Sometimes when reading Scripture, I come across words that make me curious about their origin, and then, once I find their initial meaning, I try to understand how I can relate it to life and writing. Take “platitude,” for example. A platitude is some kind of statement that usually has a moral or religious intent, but it’s been used so often it’s become boring or trite.
I didn’t dig too deep this time (wrapping up soccer!), but Google’s dictionary told me it originated in France, from the word plat, meaning flat, and it’s usage peaked somewhere around the mid 1920’s. In today’s society where people get paid to babble about whatever they choose on blogs and national TV, maybe it should make a comeback.
I came across the word in Job 13, where Job is talking to his critics. After questioning them and asking them if it will be well for them when God searches them out, he says this:
Your proverbs are platitudes of ashes; your defenses are defenses of clay.
Trite, flat, boring, and overused. Hollow, empty words.
To the modern world, many Biblical themes might be considered platitudes. Though we, as Christians, all know that God’s message is timeless and those moral statements are treasures, those outside of the faith might consider them old-fashioned and trite.
Still, I believe wholeheartedly that God’s moral wisdom belongs in our stories, and his themes should be resounded over and over. At the same time, there are certain themes that become our pet issues and we often beat them into the ground to the point that they become rote. How can we continue relaying the same simple truths time and time again without making them seem like platitudes to the secular world?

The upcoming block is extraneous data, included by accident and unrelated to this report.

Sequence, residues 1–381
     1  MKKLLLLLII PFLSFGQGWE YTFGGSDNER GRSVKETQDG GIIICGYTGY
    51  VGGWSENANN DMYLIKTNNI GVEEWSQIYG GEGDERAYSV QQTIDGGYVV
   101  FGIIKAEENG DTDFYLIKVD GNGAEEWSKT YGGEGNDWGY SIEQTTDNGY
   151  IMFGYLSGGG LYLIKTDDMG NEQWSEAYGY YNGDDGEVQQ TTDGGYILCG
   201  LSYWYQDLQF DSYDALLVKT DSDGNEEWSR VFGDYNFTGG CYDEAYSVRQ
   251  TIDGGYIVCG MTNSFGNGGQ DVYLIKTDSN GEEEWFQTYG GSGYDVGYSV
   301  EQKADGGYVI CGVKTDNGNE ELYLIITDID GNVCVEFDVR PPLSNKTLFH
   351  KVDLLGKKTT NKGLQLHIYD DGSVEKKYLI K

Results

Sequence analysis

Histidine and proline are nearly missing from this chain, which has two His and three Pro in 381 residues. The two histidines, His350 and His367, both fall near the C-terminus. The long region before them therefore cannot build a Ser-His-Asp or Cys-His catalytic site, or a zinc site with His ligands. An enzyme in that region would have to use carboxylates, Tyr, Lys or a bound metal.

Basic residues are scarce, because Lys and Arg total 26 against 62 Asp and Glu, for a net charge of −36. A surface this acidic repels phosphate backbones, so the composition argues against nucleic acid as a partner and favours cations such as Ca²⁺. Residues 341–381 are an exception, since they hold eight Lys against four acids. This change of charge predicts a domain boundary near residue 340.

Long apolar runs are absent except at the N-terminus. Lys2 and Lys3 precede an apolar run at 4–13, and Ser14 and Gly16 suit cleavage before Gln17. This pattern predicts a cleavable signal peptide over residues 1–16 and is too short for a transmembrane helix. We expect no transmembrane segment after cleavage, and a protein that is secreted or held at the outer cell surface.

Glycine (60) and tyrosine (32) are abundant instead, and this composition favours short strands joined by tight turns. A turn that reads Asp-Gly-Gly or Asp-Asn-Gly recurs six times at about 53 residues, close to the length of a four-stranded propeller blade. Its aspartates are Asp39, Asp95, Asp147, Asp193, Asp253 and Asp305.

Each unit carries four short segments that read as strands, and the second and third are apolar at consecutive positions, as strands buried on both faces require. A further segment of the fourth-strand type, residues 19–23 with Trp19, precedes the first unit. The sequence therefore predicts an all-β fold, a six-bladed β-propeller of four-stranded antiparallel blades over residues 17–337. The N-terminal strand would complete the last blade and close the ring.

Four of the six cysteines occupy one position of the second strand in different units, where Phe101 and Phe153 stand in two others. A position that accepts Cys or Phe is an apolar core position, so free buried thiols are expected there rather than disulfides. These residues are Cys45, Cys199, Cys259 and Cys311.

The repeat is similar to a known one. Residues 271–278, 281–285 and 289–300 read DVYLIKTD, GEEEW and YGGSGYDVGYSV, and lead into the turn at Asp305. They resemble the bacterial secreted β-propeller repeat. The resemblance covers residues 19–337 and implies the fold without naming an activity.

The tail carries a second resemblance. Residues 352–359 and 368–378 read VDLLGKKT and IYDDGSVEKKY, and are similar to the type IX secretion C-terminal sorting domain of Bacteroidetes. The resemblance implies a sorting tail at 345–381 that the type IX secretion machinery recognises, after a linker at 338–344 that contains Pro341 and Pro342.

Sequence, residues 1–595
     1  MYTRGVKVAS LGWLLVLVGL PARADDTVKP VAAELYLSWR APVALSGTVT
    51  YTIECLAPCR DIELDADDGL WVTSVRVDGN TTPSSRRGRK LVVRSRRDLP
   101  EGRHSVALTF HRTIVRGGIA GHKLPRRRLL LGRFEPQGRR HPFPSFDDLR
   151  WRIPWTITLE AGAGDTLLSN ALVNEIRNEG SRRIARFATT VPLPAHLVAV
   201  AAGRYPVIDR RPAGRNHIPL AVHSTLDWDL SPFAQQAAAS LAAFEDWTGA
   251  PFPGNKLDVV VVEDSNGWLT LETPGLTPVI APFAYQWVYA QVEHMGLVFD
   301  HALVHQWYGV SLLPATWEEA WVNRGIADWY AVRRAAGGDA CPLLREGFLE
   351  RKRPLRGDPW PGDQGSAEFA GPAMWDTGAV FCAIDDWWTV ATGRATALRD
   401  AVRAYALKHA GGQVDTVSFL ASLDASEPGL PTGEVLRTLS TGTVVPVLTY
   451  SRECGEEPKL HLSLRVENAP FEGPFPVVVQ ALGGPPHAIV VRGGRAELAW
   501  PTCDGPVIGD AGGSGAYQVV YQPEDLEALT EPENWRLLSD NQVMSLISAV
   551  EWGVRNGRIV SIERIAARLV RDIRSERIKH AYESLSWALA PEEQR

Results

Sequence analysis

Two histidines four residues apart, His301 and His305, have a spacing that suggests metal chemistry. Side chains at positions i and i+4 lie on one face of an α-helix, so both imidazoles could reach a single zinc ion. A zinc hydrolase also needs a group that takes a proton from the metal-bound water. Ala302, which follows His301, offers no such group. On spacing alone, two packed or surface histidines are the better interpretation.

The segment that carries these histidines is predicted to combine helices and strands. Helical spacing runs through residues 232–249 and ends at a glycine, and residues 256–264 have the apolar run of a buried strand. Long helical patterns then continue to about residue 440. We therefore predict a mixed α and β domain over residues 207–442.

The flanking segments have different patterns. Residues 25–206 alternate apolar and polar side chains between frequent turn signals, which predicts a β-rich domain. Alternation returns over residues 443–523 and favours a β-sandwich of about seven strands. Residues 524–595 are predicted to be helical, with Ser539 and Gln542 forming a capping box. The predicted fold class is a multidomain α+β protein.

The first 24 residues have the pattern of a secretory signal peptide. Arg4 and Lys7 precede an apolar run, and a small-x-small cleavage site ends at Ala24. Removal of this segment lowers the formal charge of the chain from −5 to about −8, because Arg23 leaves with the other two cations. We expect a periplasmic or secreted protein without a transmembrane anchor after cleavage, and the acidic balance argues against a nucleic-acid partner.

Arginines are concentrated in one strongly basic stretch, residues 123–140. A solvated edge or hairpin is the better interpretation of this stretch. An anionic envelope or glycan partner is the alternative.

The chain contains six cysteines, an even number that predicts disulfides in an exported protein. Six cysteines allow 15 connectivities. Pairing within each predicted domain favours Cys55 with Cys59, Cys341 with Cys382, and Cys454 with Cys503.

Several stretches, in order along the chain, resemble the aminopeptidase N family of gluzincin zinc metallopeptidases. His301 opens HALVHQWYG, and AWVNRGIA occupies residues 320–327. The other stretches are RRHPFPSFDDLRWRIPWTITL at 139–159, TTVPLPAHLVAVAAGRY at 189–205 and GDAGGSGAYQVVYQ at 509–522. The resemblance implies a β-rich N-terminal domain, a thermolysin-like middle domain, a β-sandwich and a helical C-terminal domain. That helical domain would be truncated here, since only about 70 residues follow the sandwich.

I think the answer, both in writing and in life, lies within relationships and attitudes. All the time, I hear people complain that they try to talk to someone about their faith and “they just won’t listen.” This just makes me wonder how the message is being given.
I’m not saying I think we need to sugar coat God’s truth, but I do think the delivery needs to come from compelling characters that people want to read or be around. In life, are we that person, serving others and forging friendships to open doors for conversations about faith? Or, are we that pushy, “my way or the highway” person, who forces the conversation whenever possible, as if it’s the only reason we have to talk to a particular person. In writing, do we interject our message to the point that it feels contrived, rather than the natural flow of the story? Do we throw a Christian message into the plot just to call it inspirational fiction?
I’ve learned this from teaching–the same general fact can be delivered to a class of students. From one perspective/attitude, they dismiss it. From another, they embrace it. And the perspective they embrace ends up being the one that requires the most effort, the one that makes it the most meaningful to them.
So, there you have it. We’ve come back to grit, which seems to be my favorite theme these days. It takes a little more effort to be that person who cultivates relationships so Biblical truths will be more palatable, as they are coming from a friend. It takes more effort to write characters who show their faith rather than just dropping it into a dialogue.
And for an extra bang for your buck, especially if you are interested in melodic trances, meet “Platitude,” mixed by Onova (otherwise known as Christian Lejon), released back in 2007.